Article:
Status of the race and IQ debate The fact that the GQ gap between blacks and whites is larger than the IQ gap has causal significance. If blacks did eliminate the IQ gap without eliminating the GQ gap, they would still be less able to solve the most complex cognitive problems, which might be deemed the most significant. Moreover, the fact that blacks have an unusual problem with complexity shows that an explanation of the IQ gap should look for aspects of the black environment that discourage cognitive challenge or, at least, downgrade its presence. I took upon myself the burden of offering a scenario of a succession of black environments from infancy to early adulthood based on the deprivation of complexity (Flynn, 2008). It is significant that when the racial IQ gap was eliminated among children fathered by black soldiers in postwar Germany, the GQ gap was gone. This is not to claim that this study settles the debate; rather it gives us confidence that if the IQ gap proves to be entirely environmental, the GQ gap will prove so as well. American blacks are not in a time warp so that the environmental causes of their IQ gap with whites are identical to the environmental causes of the IQ gap between the generations. The race and IQ debate should focus on testing the relevant 137

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environmental hypotheses. The Flynn effect is no shortcut; the fact that the black/white performance gap expands with g-­loadings or complexity is no shortcut. There are no shortcuts at all.

Comments on Rushton and Jensen Rushton and Jensen (2010) wrote a guest editorial for the prestigious journal Intelligence that summarized their latest views. I will comment on their points by numbered section, so as to allow readers to consult the original. 1. They assert that the Flynn sources listed give the FE as a reason for expecting the B/W gap to disappear. In fact, these give the FE as a reason for thinking that an environmental hypothesis is viable. I always turned to other kinds of evidence when testing its truth. In addition, I never said real intelligence levels were rising. For 20 years, I searched for something that would show that gains were neither artifacts nor in any simple sense intelligence gains. 2. The contention that “if population group differences are greater on the more g-loaded and more heritable subtests, it implies they have a genetic origin” (Rushton & Jensen, 2010, p. 214) is now seen to be false. All of the data from this methodology (whether called the “method of correlated vectors” or the “Jensen effect”) is irrelevant. I am not sure but I suspect that g does have some root in brain physiology. Height is rooted in physiology but height differences between groups may be due to differences in diet. The assertion that “culture-only” theories predict a zero relationship between heritability and group differences is false. 3. I do not believe that outbreeding or any other genetic enhancement has caused recent IQ gains, but outbreeding 138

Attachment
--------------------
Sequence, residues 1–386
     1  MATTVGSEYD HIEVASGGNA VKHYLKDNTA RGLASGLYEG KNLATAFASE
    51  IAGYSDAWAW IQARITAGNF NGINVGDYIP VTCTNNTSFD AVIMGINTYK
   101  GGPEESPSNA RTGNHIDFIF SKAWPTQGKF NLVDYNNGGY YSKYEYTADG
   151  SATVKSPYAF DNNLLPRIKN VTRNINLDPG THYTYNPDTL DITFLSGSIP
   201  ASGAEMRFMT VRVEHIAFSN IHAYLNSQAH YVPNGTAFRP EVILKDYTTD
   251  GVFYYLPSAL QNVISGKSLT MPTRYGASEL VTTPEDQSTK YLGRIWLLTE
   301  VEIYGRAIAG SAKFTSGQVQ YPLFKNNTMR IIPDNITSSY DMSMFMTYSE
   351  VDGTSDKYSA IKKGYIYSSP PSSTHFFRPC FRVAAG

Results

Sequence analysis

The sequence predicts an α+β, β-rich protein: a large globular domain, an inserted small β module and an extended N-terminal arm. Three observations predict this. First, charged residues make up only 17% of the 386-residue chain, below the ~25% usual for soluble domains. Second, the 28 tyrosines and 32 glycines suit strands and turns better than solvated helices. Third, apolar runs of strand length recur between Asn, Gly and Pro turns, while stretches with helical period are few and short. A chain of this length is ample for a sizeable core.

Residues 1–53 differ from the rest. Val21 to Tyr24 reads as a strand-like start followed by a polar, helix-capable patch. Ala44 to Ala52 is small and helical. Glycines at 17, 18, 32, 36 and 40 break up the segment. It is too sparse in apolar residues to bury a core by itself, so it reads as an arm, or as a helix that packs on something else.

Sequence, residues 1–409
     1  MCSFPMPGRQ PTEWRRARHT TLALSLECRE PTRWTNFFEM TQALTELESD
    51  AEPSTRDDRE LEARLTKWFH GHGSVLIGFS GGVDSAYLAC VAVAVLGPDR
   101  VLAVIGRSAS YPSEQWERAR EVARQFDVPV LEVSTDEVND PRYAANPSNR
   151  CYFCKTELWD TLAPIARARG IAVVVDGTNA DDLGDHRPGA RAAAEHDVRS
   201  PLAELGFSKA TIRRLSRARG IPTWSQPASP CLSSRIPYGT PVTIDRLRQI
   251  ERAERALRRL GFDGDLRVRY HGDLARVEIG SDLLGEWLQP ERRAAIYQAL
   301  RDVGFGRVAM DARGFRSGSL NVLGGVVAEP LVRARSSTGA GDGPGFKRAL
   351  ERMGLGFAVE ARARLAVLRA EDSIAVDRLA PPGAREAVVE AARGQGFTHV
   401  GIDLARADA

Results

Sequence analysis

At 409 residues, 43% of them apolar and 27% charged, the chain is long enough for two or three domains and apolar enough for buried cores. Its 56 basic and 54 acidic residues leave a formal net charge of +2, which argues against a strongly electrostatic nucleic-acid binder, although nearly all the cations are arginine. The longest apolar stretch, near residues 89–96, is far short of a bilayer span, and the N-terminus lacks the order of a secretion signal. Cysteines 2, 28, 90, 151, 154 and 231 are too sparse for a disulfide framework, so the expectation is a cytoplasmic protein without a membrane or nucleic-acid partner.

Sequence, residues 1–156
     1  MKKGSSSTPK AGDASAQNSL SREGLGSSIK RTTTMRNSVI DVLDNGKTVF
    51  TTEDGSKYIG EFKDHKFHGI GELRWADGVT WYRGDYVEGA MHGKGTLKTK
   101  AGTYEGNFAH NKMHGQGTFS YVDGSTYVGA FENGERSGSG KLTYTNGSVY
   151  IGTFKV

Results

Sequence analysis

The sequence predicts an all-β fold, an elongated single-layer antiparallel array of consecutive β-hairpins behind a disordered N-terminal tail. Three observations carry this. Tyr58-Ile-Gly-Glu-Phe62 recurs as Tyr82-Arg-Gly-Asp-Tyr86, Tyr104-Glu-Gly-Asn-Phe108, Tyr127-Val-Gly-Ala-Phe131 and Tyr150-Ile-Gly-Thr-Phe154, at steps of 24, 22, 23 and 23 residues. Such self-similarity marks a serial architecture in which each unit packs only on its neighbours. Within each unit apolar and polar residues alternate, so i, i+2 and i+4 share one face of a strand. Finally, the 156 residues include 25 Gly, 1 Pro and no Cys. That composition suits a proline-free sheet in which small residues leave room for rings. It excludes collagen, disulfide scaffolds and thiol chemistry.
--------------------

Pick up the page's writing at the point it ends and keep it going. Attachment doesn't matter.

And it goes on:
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may have played a role in earlier times depending on the nation (see Chapter 3). My belief that the fact the g gap between black and white “tells us something about causes” (it tells us to look for whether environmental factors are friendly or unfriendly to cognitively demanding pursuits) does not reverse a past position but is a new insight. 4. Dickens and Flynn (2006a) published data showing that between 1972 and 2002, black Americans had gained 5.5 IQ points on whites and closed the g gap by 5.13 points. At both times, both in 1972 and 2002, blacks lost ground on whites as they aged (from ages 4 to 24) by about 12 points. The critical points Rushton and Jensen raise were answered in our rebuttal to their critique at the time. I urge readers to consult it (Dickens & Flynn, 2006b). Box 28 sets out data that Rushton and Jensen present on black academic achievement. Note the tendency for blacks to lose ground with age at any given time: in 1966, they lost 5 points between ages 12 and 18; in 2008, they lost 8 points between ages 13 and 17 (1975 is an exception). If you average the three data sets, blacks lose 0.93 points per year between the ages of 13 and 17 for a total of 3.71 points. This is not far from the Dickens and Flynn (2006a) estimate of 2.40 IQ points lost between those ages. Note that the NAEP data (Nation’s Report Card) show that blacks have made academic gains on whites between 1975 and 2008: 15 points at age 13; 6 points at age 17. The latter virtually matches the Dickens and Flynn estimate that blacks gained 5.5 IQ points between 1972 and 2002. On the other hand, I find the huge academic gain at age 13 implausible. However, the data are deeply disturbing. Rushton, Jensen, and Flynn all think that black IQ is significant largely because it predicts academic achievement. Therefore, black IQ and the achievement values should be roughly the same. Compare 1 and 139